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Tuesday, May 07, 2013

Federation Sweetness and Light?


Doom said...


Doom said...


-Warren Zoell said...

Heh! I've noticed that as well. No human creativity past the 20th century.
Another thing I've noticed is this constant downplaying of humanity.
Spock's constant embarrassment and humiliation of his Human half. This constant running into "superior" races and telling us how barbaric we are, only to be followed by nods of agreement from the Enterprise crew. It makes me sick. And say this being big into SciFi.
The ships are cool though. That and the first 1 1/2 seasons of TOS to be quite honest are the only things I like about Star Trek

Rigel Kent said...

Another thing I've noticed is this constant downplaying of humanity.

I noticed just the opposite, especially in the first couple of seasons of TNG. The self-congratulatory attitude toward humanity was almost sickening.

Just check out Hide and Q if you don't believe me.

-Warren Zoell said...

Hide and Q - Isn't that the one where Q dresses as a Christian Monk as a kind of mockery? I didn't see the Enterprise crew defending Christianity in that one.

Rigel Kent said...

I didn't see the Enterprise crew defending Christianity in that one.

Huh? No they don't. They also don't put on pink dresses and dance a waltz. Neither one of those things (Christianity or waltzing) was in you initial comment, or in my response.

You mentioned their "downplaying of humanity" and I replied that in many of the episodes of early TNG the attitude was more self-congratulatory toward humanity.

I have no problem with a discussion of Christianity and Star Trek, that just wasn't the discussion we were having.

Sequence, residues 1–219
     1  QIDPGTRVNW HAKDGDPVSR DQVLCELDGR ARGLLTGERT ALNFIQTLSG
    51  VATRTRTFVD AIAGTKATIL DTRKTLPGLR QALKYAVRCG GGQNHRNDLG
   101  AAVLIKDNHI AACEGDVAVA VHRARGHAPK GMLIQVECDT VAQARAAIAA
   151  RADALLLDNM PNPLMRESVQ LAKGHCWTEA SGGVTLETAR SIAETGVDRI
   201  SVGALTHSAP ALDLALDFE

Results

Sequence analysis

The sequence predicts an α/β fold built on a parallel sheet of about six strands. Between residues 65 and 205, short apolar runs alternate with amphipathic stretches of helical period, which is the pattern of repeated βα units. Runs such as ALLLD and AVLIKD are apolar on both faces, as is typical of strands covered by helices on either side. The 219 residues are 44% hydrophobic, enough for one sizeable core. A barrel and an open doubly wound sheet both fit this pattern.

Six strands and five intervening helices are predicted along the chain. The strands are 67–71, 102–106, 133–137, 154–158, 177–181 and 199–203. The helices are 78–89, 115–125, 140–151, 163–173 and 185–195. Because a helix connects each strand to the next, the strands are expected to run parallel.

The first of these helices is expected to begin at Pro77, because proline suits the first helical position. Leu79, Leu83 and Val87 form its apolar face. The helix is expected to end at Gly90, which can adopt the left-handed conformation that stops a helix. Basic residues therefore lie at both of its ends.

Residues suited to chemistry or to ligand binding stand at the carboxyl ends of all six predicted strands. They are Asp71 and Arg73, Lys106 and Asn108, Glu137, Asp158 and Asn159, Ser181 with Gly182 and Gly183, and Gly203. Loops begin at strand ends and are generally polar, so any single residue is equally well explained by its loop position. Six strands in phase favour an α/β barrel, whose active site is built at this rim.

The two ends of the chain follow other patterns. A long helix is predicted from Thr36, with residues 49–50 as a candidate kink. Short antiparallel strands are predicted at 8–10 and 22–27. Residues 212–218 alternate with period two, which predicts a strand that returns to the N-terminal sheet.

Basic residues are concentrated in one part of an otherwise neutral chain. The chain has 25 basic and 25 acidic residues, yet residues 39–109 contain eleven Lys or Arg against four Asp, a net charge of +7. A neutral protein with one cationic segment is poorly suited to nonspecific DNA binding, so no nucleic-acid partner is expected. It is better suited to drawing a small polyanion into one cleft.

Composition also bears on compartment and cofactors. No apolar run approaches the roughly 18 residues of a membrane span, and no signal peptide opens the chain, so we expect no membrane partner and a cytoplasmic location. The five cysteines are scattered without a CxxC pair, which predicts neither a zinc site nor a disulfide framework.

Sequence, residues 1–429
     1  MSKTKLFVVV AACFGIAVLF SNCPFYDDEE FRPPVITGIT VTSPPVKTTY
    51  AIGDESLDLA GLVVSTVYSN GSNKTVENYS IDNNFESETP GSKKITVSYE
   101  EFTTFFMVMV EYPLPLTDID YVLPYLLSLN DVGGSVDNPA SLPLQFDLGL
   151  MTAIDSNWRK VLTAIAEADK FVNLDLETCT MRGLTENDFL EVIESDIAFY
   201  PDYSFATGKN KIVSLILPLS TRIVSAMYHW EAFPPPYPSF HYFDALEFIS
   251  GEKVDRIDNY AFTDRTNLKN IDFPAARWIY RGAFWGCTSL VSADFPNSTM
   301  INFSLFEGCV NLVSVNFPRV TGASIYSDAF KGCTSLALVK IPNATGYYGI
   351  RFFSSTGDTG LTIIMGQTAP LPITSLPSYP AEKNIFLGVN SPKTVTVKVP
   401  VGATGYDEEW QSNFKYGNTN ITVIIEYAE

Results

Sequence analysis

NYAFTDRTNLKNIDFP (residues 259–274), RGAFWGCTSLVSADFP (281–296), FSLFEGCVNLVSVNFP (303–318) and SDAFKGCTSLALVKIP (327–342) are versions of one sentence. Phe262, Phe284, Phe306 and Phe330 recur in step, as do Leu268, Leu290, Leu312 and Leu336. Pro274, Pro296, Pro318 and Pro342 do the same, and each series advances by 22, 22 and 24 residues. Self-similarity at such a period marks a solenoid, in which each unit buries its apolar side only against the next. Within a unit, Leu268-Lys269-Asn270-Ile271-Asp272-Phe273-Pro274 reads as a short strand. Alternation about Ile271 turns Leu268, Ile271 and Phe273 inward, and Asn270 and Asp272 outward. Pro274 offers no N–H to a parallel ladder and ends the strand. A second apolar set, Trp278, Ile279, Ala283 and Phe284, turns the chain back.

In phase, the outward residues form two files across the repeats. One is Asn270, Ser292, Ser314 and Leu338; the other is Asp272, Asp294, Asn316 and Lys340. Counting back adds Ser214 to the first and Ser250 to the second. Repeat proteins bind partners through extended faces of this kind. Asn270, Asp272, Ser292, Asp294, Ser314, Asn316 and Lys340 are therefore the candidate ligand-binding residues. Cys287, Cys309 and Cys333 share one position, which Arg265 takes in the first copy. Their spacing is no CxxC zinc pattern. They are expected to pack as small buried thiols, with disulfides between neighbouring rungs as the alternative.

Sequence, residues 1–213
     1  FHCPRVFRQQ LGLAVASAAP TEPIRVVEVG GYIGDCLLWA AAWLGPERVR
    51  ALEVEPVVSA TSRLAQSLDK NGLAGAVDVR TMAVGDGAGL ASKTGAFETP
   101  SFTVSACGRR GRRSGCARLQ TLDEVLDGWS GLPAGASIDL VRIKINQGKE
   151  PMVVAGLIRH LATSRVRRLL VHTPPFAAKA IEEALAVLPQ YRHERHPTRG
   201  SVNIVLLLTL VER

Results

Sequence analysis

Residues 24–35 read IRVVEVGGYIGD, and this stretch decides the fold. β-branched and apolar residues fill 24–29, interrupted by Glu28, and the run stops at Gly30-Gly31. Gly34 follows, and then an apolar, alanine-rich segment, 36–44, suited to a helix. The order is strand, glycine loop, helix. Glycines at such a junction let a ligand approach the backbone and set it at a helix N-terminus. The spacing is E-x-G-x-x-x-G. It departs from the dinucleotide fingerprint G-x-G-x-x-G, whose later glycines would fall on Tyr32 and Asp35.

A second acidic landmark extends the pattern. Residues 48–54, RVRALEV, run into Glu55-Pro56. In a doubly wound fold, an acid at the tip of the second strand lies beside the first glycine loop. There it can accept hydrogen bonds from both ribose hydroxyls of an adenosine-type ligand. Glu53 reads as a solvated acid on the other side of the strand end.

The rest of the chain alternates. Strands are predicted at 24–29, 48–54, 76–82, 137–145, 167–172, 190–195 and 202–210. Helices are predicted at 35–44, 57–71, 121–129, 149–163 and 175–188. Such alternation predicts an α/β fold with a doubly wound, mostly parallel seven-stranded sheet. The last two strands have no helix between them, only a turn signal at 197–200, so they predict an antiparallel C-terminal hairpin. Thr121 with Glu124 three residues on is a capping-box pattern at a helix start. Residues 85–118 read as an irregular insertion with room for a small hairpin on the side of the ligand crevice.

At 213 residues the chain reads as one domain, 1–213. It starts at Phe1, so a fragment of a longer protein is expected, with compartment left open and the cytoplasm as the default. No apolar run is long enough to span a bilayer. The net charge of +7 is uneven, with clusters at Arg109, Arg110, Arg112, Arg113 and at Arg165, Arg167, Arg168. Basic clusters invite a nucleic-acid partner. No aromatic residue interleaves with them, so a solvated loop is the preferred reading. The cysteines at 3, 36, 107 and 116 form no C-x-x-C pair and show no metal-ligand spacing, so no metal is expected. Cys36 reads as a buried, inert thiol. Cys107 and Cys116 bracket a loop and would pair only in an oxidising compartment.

But since the issue has come up, Trek handled the issue of religion the way far too many SF works do, and that is either badly, or not at all.

-Warren Zoell said...

"I have no problem with a discussion of Christianity and Star Trek, that just wasn't the discussion we were having."
You made the recommendation of the "Hide and Q" episode" as an attempt to prove of your point. I'm sorry but that doesn't cut it.
You failed to give an example. Instead you tell me to go check out the episode. Well I'm sorry but I do not have that episode.
Telling me to go and watch a certain episode is not a bolster of your position. Please explain what you saw in that episode that backs up your position.
I do however remember parts of that episode, and from what I can recall an element in it was Q's mockery of Christian belief in my view. I was merely pointing out that element in the episode in my last comment that is all.
I'm sorry if you read it differently.
Here's a picture from that episode.
Just as an after thought I believe the mockery of Christian belief is a down play of humanity.

So the examples I supplied in my first comment are untrue?

Rigel Kent said...

People on the Internet are hilarious. You mention two generalities without a single specific example of either, whereas I mention an episode as an example of what I mean and somehow I'm the one "who doesn't cut it".

First of all the fact that we are arguing on the Internet means you have access to the Internet which means you have access to the episode, if you want to. Here I'll make it easy for you. Go to about 3:10 of this video for an example of what I mean https://www.youtube.com/watch?v=ffdCVjH-Q3k. Or you can go here http://sfdebris.com/videos/startrek/t111.asp for an in depth analysis of it.

As to the examples in your first comment, you didn't actually offer any. You described two generalities and then didn't describe even one time where either happened. Not one single episode or situation. Do so, and I will happily reply to them.